Strange behavior with list comprehension (Example included)


#1

I could possibly be missing something, but let me explain what’s happening.

I have a set of Markers (highlight regions) that are being set on keypress. I’m trying to detect if the cursor is at the beginning of the highlight region, and return it only if it is.

So, I have this code snippet:

        position = cursor.getBufferPosition()
        marks = @findMarks(containsBufferPosition: [position.row, position.column])
        mark =  mark for mark in marks when mark.getStartBufferPosition().isEqual(position)

        console.log mark for mark in marks when mark.getStartBufferPosition().isEqual(position)
        console.log mark

The console won’t log a Marker if my cursor is at the end of a Marker region, but it will still return a mark into the mark variable. Am I missing something here with list comprehensions and what should be returned? I’m expecting undefined, but I get the Marker!


#2

The issue here is that you use the same variable name mark for the inner and outer loop variable. It means that mark is declared before the loop, and is used in the loop to store the current array element so it will never be null or undefined after the loop even when there’s no marker that pass the when test in your loop as it will always holds the last iteration value.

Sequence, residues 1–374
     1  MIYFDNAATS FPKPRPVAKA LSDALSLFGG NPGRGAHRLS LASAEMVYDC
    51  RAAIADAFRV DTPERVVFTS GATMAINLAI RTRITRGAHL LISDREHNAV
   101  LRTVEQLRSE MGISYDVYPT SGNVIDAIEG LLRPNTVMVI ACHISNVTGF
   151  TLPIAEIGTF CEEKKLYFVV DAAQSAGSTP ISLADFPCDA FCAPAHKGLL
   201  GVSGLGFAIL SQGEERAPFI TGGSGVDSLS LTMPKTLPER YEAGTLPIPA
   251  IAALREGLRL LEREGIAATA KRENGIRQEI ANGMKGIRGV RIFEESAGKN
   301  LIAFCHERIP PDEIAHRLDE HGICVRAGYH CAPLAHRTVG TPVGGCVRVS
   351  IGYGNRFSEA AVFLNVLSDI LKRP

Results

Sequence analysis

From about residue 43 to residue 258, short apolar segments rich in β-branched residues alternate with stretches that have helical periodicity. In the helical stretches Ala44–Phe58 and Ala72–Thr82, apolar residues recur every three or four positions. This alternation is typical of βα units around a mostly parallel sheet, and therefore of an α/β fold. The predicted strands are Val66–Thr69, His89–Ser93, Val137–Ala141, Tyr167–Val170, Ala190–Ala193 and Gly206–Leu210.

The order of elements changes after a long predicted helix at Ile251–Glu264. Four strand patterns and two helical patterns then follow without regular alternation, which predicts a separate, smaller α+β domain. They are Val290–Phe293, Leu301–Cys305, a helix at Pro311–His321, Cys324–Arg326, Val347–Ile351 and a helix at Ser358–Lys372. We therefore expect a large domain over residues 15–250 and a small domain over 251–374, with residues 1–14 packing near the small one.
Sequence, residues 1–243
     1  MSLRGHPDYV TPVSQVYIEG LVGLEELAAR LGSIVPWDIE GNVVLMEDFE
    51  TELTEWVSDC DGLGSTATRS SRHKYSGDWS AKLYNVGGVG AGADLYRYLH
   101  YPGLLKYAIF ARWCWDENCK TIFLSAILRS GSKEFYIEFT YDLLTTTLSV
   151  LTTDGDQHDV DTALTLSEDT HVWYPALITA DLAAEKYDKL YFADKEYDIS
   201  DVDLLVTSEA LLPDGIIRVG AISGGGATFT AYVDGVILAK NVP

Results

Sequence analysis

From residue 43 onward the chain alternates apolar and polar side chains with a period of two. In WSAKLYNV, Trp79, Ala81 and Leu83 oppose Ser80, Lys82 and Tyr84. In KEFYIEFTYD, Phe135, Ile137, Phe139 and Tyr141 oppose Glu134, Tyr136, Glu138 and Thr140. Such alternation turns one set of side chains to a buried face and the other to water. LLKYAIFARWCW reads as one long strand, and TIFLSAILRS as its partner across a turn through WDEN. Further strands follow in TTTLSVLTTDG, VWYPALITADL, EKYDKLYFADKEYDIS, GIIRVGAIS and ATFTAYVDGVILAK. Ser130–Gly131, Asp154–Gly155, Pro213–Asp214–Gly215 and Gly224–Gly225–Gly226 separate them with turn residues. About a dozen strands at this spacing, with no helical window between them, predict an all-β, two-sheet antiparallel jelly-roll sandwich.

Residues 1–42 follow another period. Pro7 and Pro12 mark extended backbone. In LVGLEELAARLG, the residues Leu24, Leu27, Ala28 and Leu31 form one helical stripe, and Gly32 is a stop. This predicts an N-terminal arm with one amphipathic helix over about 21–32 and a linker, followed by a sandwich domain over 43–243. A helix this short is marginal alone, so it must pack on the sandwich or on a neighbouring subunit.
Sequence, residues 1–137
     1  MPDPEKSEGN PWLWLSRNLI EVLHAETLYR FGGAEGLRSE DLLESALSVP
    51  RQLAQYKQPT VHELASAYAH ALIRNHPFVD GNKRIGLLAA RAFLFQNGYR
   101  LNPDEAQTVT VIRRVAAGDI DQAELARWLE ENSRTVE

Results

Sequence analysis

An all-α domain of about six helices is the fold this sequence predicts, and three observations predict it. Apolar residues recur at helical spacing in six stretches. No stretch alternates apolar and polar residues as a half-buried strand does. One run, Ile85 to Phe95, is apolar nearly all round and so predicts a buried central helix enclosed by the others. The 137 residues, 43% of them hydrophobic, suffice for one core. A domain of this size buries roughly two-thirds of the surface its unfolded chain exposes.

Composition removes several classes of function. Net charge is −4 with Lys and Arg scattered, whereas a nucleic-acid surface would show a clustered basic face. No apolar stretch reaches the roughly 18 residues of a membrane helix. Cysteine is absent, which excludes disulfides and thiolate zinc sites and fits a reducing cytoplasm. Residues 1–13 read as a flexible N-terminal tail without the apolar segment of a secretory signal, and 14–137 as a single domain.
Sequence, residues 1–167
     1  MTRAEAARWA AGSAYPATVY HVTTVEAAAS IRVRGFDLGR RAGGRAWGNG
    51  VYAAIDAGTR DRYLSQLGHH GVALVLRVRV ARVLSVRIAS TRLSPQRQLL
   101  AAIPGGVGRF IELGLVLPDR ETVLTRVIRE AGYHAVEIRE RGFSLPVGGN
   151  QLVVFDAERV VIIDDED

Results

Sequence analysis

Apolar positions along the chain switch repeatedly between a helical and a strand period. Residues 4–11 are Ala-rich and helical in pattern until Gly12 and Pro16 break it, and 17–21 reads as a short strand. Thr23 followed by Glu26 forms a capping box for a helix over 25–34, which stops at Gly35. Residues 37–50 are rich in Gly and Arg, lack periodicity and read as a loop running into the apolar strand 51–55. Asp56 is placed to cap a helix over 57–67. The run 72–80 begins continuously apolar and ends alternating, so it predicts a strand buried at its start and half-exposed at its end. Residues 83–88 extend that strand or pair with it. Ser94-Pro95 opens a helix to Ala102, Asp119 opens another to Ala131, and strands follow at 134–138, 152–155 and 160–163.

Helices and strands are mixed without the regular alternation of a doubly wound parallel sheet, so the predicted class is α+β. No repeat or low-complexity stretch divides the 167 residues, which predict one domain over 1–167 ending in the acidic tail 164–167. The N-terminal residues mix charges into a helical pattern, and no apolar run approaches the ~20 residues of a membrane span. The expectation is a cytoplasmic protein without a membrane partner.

See the output here.

You should write something like that instead:

position = cursor.getBufferPosition()
marks = @findMarks(containsBufferPosition: [position.row, position.column])
marker = mark for mark in marks when mark.getStartBufferPosition().isEqual(position)

console.log mark for mark in marks when mark.getStartBufferPosition().isEqual(position)
console.log marker

#3

I didn’t even think about looking at the generated JS. This is really the first bit of coffescript I’ve written. Thank you so much! I fixed it last night, but I wasn’t sure what exactly was wrong. This was a perfect explanation. I had assumed that the mark variable in the for-comprehension was in a different scope. I guess that shows what you get for assuming.

P.S. How did you get your code to be nicely formatted like that? I tried the 4 spaces, but it resulted in the ugly mess you see above.


#4

I used the triple backticks code block from Github Flavored Markdown (supported by Discourse :))